Author(s): Shoji M, Cui L, Iizuka R, Komoto A, Neoh HM,
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Abstract Vancomycin-intermediate Staphylococcus aureus (VISA) is generated from vancomycin-susceptible Staphylococcus aureus by multiple spontaneous mutations. We previously reported that sequential acquisition of mutations in the two-component regulatory systems vraSR and graRS was responsible for the VISA phenotype of strain Mu50. Here we report on the identification of a novel set of regulator mutations, a deletion mutation in two-component regulatory system walRK (synonyms, vicRK and yycFG), and a truncating mutation in a proteolytic regulatory gene, clpP, responsible for the raised vancomycin resistance in a laboratory-derived VISA strain, LR5P1-V3. The contributory effect of the two mutations to vancomycin resistance was confirmed by introducing the walK and clpP mutations into the vancomycin-susceptible parent strain N315LR5P1 by a gene replacement procedure. The vancomycin MIC of N315LR5P1 was raised from 1 to 2 mg/liter by the introduction of the walK or clpP mutation, but it was raised to 4 mg/liter by the introduction of both the walK and clpP mutations. The vancomycin MIC value of the double mutant was equivalent to that of strain LR5P1-V3. Like VISA clinical strains, LR5P1-V3 and the double mutant strain LR5P1walK*clpP* exhibited a thickened cell wall, slow growth, and decreased autolytic activity. Transcriptional profiles of the mutants with gene replacements demonstrated that introduction of both the walK and clpP mutations could alter expression of dozens or hundreds of genes, including those involved in cell envelope and cellular processes, intermediary metabolism, and information pathway. A mutation prevalence study performed on 39 worldwide clinical VISA strains showed that 61.5, 7.7, 10.3, and 20.5\% of VISA strains harbored mutations in walRK, clpP, graRS, and vraSR, respectively. The mutation of walRK was most frequently carried by VISA strains. Together, these results suggested that the mutations of walK and clpP identified in LR5P1-V3 constitute a new combination of genetic events causing vancomycin resistance in Staphylococcus aureus.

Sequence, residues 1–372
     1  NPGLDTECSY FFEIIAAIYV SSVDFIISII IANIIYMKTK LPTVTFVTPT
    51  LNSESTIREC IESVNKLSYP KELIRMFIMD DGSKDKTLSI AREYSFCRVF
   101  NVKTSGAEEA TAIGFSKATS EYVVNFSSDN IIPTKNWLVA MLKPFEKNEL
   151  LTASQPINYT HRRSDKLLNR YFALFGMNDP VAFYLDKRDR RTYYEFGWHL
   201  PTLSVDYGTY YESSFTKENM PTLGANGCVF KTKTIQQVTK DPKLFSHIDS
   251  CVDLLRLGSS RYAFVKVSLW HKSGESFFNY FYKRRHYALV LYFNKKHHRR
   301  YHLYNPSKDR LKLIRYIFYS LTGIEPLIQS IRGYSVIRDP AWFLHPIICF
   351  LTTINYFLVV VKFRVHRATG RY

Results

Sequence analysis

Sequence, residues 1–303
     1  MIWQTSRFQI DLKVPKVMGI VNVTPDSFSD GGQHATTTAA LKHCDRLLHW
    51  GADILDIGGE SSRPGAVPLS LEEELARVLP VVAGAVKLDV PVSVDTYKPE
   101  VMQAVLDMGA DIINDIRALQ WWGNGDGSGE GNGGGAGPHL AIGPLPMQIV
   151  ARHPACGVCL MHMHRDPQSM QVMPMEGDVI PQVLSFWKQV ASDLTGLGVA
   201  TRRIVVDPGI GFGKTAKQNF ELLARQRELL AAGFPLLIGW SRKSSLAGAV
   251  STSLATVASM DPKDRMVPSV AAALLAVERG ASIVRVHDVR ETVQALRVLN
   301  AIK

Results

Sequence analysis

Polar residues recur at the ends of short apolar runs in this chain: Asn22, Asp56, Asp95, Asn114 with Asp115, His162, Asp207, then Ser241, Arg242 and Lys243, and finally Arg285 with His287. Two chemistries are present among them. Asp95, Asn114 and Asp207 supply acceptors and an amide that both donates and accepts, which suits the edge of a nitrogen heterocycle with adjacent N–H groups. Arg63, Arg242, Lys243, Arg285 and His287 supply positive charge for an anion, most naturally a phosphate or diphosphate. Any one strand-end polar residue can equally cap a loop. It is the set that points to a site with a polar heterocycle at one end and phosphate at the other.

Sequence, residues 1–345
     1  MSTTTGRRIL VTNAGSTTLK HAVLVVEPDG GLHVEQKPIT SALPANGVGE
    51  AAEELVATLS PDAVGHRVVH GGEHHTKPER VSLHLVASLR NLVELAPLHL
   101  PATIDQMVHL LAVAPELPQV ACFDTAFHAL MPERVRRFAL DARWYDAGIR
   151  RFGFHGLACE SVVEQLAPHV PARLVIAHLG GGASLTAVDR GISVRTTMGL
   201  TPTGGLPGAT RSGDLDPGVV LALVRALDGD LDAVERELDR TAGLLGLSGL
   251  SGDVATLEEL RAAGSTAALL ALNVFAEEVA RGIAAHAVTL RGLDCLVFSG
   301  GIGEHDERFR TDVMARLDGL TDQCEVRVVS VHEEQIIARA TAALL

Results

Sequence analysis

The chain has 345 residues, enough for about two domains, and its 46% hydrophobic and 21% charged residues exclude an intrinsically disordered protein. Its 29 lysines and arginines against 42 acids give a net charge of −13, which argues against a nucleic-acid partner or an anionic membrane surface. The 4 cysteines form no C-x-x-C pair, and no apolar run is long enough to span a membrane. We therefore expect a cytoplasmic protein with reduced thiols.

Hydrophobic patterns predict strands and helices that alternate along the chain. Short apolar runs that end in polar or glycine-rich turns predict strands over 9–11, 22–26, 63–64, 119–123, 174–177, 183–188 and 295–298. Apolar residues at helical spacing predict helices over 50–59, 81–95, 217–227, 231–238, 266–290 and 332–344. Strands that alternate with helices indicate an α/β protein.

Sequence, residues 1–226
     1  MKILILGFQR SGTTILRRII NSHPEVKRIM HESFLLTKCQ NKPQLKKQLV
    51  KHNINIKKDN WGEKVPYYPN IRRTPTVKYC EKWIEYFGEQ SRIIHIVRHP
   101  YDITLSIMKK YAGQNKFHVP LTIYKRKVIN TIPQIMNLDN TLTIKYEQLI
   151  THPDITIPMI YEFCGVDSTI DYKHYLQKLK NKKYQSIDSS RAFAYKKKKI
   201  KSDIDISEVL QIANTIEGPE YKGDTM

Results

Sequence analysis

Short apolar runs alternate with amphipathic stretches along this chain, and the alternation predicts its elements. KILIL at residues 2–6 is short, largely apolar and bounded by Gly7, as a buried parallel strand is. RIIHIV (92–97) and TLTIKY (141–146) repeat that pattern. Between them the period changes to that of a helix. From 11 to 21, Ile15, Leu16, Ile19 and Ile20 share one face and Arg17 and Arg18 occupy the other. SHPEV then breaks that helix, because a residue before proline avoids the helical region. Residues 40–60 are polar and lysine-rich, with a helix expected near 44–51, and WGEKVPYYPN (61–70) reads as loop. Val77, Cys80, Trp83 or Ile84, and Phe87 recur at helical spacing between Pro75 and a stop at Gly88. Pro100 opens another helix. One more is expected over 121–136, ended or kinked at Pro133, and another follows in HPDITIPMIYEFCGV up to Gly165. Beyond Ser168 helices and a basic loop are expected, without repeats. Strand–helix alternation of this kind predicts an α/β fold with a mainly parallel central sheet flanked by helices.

This article was published in Antimicrob Agents Chemother
and referenced in Clinical Microbiology: Open Access